As a result of aggressive Cordon and Search operations, combined with a thorough recon and clearance of over 80 caches in sector, 2nd Battalion confiscated or destroyed over 2,500 assault rifles and machine guns, 800 RPG-7 systems, 5,000 artillery and mortar rounds, 800 hand grenades, 1 SA-3 anti-aircraft system, thousands of rounds of ammunition of various types, multiple pieces of communication equipment, and hundreds of documents providing valuable intelligence information.

As a part of the search for Former Regime Loyalists, 2nd Battalion quickly targeted Saddam Hussein’s Defense Minister, Sultan Hashim, # 27 on the CJTF-7s Top 55 Most Wanted list in Iraq. 2nd Battalion conducted an aggressive surveillance and reconnaissance campaign to detect the movements of Hashim and his family. Charlie Company conducted 3 major cordon and search operations at Hashim’s former residence and that of his family, culminating in thorough interrogation of Hashim’s family members and an insistence that Hashim turn himself in for the benefit of all involved. 2nd Battalion maintained constant pressure on Hashim’s family through constant traffic control points and observation positions on his former residences. 2nd Battalion’s efforts were rewarded as #27 turned himself into the 101st Commanding General on 23 September 2003.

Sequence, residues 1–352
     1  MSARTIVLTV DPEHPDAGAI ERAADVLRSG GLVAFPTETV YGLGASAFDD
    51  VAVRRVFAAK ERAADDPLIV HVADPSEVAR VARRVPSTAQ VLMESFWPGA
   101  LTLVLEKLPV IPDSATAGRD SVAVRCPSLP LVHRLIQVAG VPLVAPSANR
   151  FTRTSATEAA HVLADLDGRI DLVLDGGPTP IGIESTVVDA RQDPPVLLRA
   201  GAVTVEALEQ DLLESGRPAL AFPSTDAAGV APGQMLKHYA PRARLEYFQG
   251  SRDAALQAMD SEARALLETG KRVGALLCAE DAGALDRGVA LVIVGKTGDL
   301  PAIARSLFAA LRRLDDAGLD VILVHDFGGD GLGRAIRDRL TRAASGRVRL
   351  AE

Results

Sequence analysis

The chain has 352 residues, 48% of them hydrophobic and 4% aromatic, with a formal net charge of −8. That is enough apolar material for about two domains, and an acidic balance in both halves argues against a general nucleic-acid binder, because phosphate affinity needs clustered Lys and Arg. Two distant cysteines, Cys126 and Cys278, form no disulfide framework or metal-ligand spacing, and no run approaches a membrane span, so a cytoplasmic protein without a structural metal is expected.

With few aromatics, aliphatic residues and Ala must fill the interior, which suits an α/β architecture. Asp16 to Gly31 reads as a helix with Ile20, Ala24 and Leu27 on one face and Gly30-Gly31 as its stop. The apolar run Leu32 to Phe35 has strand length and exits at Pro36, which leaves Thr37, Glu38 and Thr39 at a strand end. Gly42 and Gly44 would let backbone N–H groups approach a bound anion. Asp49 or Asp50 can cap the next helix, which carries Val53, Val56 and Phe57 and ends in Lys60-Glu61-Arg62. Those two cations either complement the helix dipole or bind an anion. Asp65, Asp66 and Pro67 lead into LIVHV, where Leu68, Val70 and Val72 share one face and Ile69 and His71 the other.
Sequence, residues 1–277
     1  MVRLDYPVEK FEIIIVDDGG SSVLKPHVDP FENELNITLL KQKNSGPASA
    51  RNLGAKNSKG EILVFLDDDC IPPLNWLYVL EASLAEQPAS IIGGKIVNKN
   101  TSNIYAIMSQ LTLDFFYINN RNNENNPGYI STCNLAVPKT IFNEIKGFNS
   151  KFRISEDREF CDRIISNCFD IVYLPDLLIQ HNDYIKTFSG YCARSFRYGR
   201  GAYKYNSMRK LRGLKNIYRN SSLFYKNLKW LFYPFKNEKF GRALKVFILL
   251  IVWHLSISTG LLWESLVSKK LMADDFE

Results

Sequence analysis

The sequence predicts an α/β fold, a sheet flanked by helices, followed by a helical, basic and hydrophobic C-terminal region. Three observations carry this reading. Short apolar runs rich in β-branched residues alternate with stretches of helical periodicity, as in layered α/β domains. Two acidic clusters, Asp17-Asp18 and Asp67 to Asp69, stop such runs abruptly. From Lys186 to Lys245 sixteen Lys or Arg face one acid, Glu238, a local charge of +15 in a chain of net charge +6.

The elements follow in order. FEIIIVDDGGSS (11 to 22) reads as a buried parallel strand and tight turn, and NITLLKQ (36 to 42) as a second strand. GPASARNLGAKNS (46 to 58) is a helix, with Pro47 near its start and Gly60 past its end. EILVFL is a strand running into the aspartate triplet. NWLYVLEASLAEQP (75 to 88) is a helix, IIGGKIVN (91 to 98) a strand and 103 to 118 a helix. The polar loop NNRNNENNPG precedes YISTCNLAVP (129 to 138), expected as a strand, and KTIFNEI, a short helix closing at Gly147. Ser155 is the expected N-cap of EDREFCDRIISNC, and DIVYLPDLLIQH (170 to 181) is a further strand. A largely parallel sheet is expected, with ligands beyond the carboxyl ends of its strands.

With the fall of the Saddam Hussein regime, over 30,000 Iraqi Army soldiers assimilated back into civilian life, unemployed. The addition of 30,000 unemployed soldiers caused civil unrest, resulting in a formal protest in front of the Mosul Government building on 12 June 2003. Hundreds of protestors gathered outside of the government seat, voicing their complaints. Former Regime Loyalists captured this opportunity to instigate violence in the city, turning the relatively peaceful protest into a violent demonstration involving the use of weapons, hand-grenades, and Molotov cocktails. 2nd Battalion was first on sight as they provided initial containment and overwatch of the riot. As the riot progressed, four 2nd Battalion soldiers were injured on separate occasions as Iraqi’s within the crowd hurled rocks and hand-grenades at the 2nd Battalion soldiers. 2nd Battalion remained steadfast, and contained the riot until late afternoon, thus preventing the riot from becoming out of control. By the evening, 2nd Battalion, with elements from the Brigade Combat Team, dispersed the crowd and followed up the evening with an aggressive Traffic Control Point and patrol plan that restored order to the city.